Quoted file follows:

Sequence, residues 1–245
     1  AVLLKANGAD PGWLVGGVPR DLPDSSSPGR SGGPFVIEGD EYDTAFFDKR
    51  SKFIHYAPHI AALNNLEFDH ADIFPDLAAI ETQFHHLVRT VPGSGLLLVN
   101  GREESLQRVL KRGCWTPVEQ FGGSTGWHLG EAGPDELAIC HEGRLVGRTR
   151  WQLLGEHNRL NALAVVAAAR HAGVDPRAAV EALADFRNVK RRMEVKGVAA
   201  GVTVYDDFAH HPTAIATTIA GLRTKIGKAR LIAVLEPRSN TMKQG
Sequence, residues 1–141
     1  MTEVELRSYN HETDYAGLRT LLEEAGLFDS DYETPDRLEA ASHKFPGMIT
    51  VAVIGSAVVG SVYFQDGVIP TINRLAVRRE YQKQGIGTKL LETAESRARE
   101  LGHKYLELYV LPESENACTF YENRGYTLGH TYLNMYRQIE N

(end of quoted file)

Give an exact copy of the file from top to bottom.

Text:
Sequence, residues 1–245
     1  AVLLKANGAD PGWLVGGVPR DLPDSSSPGR SGGPFVIEGD EYDTAFFDKR
    51  SKFIHYAPHI AALNNLEFDH ADIFPDLAAI ETQFHHLVRT VPGSGLLLVN
   101  GREESLQRVL KRGCWTPVEQ FGGSTGWHLG EAGPDELAIC HEGRLVGRTR
   151  WQLLGEHNRL NALAVVAAAR HAGVDPRAAV EALADFRNVK RRMEVKGVAA
   201  GVTVYDDFAH HPTAIATTIA GLRTKIGKAR LIAVLEPRSN TMKQG
Sequence, residues 1–141
     1  MTEVELRSYN HETDYAGLRT LLEEAGLFDS DYETPDRLEA ASHKFPGMIT
    51  VAVIGSAVVG SVYFQDGVIP TINRLAVRRE YQKQGIGTKL LETAESRARE
   101  LGHKYLELYV LPESENACTF YENRGYTLGH TYLNMYRQIE N